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    ‘Ineffective, Irreversible, Immoral’: California Governor Suspends Death Penalty

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    On Wednesday, California Governor Gavin Newsom (D) signed an executive order placing a moratorium on the death penalty in the state, calling it “ineffective, irreversible and immoral.”

    "The death penalty has been an abject failure," Newsom tweeted Wednesday after signing the order. "It discriminates based on the color of your skin or how much money you make. It's ineffective, irreversible, and immoral. It goes against the very values that we stand for — which is why CA is putting a stop to this failed system."

    ​The new policy will grant a reprieve to the 737 people on death row in the Golden State. In addition, it will lead to the shutdown of the execution chamber at San Quentin State Prison, although it will not alter the prison sentences of any inmates.

    During a news conference Wednesday, Newsom quoted a National Academy of Sciences report estimating that 4 percent of people on death row are innocent.

    "If that's the case, that means if we move forward with executing 737 people in California, we will have executed roughly 30 people that are innocent," Newsom said.

    "I don't know about you," he continued. "I can't sign my name to that. I can't be party to that. I wouldn't be able to sleep at night." 

    According to the National Academy of Sciences report, "Rate of false conviction of criminal defendants who are sentenced to death," the majority of criminal convictions "are not candidates for exoneration," according to the report, because "no one makes an effort to reconsider the guilt of the defendants."

    "Approximately 95 percent of felony convictions in the United States are based on negotiated pleas of guilty (plea bargains) that are entered in routine proceedings at which no evidence is presented. Few are ever subject to any review whatsoever. Most convicted defendants are never represented by an attorney after conviction, and the appeals that do take place are usually perfunctory and unrelated to guilt or innocence," the report adds.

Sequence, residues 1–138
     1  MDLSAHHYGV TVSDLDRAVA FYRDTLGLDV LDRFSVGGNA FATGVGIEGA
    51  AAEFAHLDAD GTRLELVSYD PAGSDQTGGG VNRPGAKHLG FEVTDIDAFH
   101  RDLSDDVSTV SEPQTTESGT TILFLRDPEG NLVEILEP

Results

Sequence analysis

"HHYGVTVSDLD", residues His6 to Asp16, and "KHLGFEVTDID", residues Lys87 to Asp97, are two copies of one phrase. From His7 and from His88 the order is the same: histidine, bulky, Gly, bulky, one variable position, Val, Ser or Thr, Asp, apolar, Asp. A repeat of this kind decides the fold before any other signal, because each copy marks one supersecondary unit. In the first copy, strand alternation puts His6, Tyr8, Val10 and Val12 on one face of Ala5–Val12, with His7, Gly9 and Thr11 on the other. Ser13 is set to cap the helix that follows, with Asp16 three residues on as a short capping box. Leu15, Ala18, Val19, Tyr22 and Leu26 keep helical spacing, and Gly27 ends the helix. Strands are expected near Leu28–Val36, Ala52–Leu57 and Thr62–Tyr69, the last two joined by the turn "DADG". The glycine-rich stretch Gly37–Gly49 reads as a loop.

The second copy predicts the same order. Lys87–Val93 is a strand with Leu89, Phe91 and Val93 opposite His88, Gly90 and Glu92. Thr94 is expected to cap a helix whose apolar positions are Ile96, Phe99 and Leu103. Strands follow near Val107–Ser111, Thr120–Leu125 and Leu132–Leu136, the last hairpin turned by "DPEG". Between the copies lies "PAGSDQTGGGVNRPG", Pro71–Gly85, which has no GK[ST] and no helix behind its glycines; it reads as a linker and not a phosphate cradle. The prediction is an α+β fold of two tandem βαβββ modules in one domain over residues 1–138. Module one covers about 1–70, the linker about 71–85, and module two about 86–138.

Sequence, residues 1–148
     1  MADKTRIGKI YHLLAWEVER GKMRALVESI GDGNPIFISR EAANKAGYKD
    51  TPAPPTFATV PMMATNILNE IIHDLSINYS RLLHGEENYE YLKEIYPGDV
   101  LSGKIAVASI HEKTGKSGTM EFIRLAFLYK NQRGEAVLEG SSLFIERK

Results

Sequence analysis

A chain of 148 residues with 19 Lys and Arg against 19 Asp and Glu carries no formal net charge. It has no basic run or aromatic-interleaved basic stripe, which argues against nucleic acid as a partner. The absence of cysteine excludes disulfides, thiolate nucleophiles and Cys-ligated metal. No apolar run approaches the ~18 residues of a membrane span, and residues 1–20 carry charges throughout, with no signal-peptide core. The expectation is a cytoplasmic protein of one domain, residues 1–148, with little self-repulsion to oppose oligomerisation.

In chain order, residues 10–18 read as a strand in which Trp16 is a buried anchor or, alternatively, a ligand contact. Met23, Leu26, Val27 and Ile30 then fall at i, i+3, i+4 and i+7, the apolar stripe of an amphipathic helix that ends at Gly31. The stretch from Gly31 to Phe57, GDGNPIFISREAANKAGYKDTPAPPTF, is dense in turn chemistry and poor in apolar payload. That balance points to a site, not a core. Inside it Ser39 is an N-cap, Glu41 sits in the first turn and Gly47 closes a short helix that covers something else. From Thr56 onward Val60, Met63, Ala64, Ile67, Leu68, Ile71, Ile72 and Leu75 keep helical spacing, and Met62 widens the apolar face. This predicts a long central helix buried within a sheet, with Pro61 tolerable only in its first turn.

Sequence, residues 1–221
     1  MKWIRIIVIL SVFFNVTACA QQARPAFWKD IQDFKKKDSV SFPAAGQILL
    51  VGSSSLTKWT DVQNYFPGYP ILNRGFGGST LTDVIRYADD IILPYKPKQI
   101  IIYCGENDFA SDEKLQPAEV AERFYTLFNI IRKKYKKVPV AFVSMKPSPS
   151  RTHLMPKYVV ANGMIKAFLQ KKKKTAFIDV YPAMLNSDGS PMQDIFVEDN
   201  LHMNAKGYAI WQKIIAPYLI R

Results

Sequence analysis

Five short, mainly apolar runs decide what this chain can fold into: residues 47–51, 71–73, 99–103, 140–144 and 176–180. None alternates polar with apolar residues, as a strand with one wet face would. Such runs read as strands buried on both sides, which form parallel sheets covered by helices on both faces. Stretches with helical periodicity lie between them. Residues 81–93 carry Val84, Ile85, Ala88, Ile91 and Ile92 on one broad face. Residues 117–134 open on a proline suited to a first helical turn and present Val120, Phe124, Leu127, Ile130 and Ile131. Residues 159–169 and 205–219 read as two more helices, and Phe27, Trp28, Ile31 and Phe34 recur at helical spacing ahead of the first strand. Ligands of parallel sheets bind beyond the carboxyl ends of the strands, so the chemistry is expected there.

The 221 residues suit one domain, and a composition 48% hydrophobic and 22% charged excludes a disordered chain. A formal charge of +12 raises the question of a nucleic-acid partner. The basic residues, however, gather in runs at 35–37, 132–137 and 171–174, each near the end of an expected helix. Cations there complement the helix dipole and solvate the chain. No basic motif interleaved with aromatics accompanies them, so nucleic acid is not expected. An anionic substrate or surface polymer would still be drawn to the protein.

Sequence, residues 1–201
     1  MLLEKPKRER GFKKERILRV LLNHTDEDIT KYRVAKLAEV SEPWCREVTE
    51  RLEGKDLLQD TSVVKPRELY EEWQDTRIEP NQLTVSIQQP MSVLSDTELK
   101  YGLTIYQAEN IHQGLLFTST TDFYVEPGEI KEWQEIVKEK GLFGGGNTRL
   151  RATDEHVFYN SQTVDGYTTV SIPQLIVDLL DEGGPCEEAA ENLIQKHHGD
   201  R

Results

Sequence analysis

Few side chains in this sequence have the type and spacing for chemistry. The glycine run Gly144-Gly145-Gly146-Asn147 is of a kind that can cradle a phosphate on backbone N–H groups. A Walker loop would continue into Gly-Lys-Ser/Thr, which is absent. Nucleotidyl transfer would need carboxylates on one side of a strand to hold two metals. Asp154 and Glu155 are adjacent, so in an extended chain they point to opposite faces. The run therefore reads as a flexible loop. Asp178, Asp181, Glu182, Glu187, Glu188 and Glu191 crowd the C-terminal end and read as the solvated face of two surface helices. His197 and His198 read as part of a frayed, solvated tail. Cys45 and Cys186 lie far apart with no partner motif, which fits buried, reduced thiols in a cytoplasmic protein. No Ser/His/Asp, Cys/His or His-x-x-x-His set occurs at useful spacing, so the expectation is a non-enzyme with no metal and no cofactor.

In a statement obtained by the Sacramento Bee, the executive directors of the American Civil Liberties Union (ACLU) praised Newsom's decision.

    "We commend Governor Newsom for exercising leadership and acknowledging that California's death penalty is biased and broken beyond repair," Executive Directors Abdi Soltani, Norma Chávez Peterson and Hector Villagra told the Sacramento Bee.

    The ACLU did not immediately respond to Sputnik's request for comment.

    However, US President Donald Trump slammed the California governor's decision on Wednesday.

    "Defying voters, the Governor of California will halt all death penalty executions of 737 stone cold killers," Trump tweeted. "Friends and families of the always forgotten VICTIMS are not thrilled, and neither am I!"

    ​In 2016, California's Proposition 62, a measure for banning the death penalty, was rejected by voters. The last execution in the state took place in 2006, according to the California Department of Corrections and Rehabilitation.

    Colorado, Pennsylvania and Oregon have also suspended the death penalty. Twenty US states have abolished the death penalty, including Maryland, New York, Michigan and West Virginia. The District of Columbia has also abolished capital punishment.

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    inmate, prison, prisoner, death penalty, California, United States
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